Tuesday, December 28, 2010

The Cosmo and Me, Part 1

Back in 2005, when investing in real estate still seemed like a good idea, we put down a deposit on a condominium at the new Cosmopolitan Resort and Casino. At the time, the Cosmo was a vacant lot sandwiched between the Bellagio and the new CityCenter development on the Las Vegas Strip.

The project has had numerous difficulties, not least of which were a foreclosure by its main creditor, Deutshche Bank, and a class-action lawsuit which was settled out of court last year. The upshot of the settlement was that most of the buyers of the 2000 or so condo units were released from their contracts and had their deposits partially refunded. We decided to opt out of the settlement because it seemed like a bad deal. With so many buyers released from their contract, we figured one of three things had to happen.

The first possibility was that the units would be allowed to sit empty until the real estate market improved. That seemed pretty unlikely.

The second possibility was that the units would be put back on the market, in which case we figured we might be able to renegotiate our purchase price. If they were trying to sell condos in the current climate, a happy customer would be worth a lot more to them than the difference between our contract price and current fair market values, especially a happy customer who wrote a blog.

The third possibility was that the units would not be put back on the market, but would instead be turned into hotel rooms. This is what ultimately happened. Instead of 2000 condos and 1000 hotel rooms, the Cosmo now has 200 condos (under contract to the people who opted out of the class action settlement) and 2800 hotel rooms.

There was a clause in the purchase contract that allowed us to unilaterally pull out of the deal if there were "material and adverse" changes to the building's floor plan. The change from 2000 condos to 200 certainly seemed "material and adverse" to us, so we sent a letter to the Cosmo notifying them that we were electing to terminate.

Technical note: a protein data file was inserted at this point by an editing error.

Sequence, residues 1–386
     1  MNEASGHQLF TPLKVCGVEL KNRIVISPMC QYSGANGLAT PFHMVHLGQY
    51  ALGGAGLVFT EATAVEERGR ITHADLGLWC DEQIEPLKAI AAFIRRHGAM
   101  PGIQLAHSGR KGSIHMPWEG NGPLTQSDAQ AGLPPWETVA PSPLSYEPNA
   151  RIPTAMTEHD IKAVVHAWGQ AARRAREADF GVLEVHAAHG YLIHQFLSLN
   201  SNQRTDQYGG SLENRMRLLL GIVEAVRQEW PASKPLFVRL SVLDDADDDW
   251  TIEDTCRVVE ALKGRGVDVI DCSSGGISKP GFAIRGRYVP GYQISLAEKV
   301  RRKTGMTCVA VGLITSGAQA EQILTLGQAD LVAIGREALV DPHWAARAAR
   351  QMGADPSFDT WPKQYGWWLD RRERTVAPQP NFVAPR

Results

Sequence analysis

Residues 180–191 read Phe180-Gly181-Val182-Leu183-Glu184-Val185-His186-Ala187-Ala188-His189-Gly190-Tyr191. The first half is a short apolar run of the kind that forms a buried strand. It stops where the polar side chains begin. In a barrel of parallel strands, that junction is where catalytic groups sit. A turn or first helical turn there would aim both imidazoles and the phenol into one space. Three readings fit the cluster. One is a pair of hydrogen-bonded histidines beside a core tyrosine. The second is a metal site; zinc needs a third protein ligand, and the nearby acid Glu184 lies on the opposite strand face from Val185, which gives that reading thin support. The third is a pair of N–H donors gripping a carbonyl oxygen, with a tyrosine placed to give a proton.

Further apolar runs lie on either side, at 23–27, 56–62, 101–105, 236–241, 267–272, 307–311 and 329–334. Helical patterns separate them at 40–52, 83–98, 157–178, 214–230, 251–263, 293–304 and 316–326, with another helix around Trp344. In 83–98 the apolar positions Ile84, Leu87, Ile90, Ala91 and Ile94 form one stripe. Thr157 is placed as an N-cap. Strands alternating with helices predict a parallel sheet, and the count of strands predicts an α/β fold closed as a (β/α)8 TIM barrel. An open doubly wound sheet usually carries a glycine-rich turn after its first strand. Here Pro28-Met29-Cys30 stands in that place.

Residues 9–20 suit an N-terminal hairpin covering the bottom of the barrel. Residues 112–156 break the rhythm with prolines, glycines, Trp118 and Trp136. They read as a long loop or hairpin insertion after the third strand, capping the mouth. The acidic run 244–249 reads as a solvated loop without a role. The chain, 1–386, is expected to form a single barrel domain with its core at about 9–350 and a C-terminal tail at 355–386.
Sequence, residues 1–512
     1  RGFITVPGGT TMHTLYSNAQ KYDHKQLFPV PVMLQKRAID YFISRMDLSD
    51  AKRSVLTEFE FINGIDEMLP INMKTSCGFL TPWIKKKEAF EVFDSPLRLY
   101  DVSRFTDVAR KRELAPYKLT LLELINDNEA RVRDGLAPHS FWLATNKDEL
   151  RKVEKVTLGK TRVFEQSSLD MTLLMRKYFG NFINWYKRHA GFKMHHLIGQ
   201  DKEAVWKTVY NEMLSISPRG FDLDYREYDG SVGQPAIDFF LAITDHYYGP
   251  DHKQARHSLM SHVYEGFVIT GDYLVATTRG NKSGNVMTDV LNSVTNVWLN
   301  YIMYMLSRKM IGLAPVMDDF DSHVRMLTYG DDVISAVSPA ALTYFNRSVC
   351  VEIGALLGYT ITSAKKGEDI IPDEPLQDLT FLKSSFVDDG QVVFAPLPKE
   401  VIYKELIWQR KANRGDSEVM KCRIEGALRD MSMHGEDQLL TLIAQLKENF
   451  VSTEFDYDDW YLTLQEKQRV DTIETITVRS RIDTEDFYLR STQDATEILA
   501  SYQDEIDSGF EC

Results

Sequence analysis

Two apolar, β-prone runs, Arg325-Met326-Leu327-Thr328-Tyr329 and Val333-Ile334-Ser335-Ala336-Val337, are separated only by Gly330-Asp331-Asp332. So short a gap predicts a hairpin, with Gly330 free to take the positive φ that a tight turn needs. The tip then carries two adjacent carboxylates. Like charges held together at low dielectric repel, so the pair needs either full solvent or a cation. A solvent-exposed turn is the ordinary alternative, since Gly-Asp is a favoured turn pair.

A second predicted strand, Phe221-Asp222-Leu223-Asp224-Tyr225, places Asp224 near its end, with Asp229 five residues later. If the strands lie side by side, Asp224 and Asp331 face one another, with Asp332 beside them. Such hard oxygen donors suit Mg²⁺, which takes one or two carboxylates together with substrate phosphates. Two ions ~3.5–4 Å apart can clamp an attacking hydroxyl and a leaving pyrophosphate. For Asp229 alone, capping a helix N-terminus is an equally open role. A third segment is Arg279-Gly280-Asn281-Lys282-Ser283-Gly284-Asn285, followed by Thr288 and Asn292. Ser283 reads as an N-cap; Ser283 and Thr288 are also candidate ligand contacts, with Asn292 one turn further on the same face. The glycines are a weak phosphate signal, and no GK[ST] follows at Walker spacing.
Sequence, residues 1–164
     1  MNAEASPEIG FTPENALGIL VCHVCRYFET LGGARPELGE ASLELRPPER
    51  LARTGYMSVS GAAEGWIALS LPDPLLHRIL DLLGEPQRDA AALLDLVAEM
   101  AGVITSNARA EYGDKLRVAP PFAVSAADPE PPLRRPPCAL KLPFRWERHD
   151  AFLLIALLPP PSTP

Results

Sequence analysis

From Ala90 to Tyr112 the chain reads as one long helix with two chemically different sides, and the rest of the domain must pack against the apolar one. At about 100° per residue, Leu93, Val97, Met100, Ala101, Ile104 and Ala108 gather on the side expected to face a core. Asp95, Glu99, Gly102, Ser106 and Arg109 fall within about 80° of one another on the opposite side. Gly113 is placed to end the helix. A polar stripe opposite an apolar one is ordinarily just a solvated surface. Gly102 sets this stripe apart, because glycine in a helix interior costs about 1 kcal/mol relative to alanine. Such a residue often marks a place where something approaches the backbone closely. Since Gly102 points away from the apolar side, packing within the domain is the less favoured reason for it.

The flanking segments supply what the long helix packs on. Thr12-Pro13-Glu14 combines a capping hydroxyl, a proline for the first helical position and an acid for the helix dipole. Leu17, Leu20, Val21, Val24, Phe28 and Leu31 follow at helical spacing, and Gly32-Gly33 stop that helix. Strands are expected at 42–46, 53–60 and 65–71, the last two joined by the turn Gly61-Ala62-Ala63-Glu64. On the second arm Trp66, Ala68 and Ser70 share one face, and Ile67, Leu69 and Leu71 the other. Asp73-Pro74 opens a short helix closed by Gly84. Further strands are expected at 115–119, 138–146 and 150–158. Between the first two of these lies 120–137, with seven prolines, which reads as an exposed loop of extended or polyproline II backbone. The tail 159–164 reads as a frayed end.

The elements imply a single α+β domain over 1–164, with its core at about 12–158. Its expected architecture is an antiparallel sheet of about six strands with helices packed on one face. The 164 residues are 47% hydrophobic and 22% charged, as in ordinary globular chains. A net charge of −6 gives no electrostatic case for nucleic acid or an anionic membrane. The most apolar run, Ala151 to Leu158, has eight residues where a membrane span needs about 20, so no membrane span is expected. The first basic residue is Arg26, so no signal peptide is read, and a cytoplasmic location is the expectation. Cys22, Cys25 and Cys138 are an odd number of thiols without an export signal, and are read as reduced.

We were hoping that the Cosmo's response would be an offer to renegotiate the purchase price. We actually wanted the condo, we just didn't want to pay a height-of-the-bubble price for it if we could avoid it. But instead of negotiating, they decided instead to sic their lawyers on us. We received a letter not from the Cosmo, but from the law offices of Snell and Wilmer, saying:

This law firm represents Nevada Property 1 LLC, the owner and seller under your contract to purchase a condominium hotel unit in The Cosmopolitan of Las Vegas. We received your ... letter terminating your contract. However, we disagree with the premise of your termination, as there have been no material or adverse changes to the subdivision map. To the contrary, the final subdivision map reflects a project very much the same as reflected in the provisional subdivision map. Accordingly, your termination is without basis and is a default under section ... of your contract. You have 20 days from receipt of this letter to cure your default. If you fail to do so, we will proceed in accordance with your contract [and confiscate your security deposit].

That seemed a little harsh considering that our unit was not even scheduled to be completed until the middle of next year.

The notice of default backed us into a corner. We had to respond to it, so we had to consult with a lawyer. Happily, we were referred to a lawyer who was already representing a bunch of the remaining condo buyers in a new lawsuit against the Cosmo. The case was strong enough that he was prosecuting the case on contingency. Among the long list of documents that he had amassed in the case was a letter from a fellow named Matthew L. Lalli, one of the Cosmo's lawyers at Snell and Wilmer, and one of the people cc'd on the notice of default they had sent us. This letter read:

... [the contract] does not impose any contractual obligation on [the Cosmo] to record a final map with any particular details or requirements... It merely gives the buyer the option to terminate the contract if he/she believes the final map differs materially and adversely from the provisional map. [Emphasis added.]

I think Mr. Lalli's gonna have some 'splainin' to do. :-)

Frankly, I don't see how any reasonable person could argue that changing a project from 2/3 condo and 1/3 hotel to 7% condo and 93% hotel is not a material and adverse change. But it is becoming apparent that the Cosmo is not dealing in good faith. I can't help but wonder, though, what they think the end game is going to be here.

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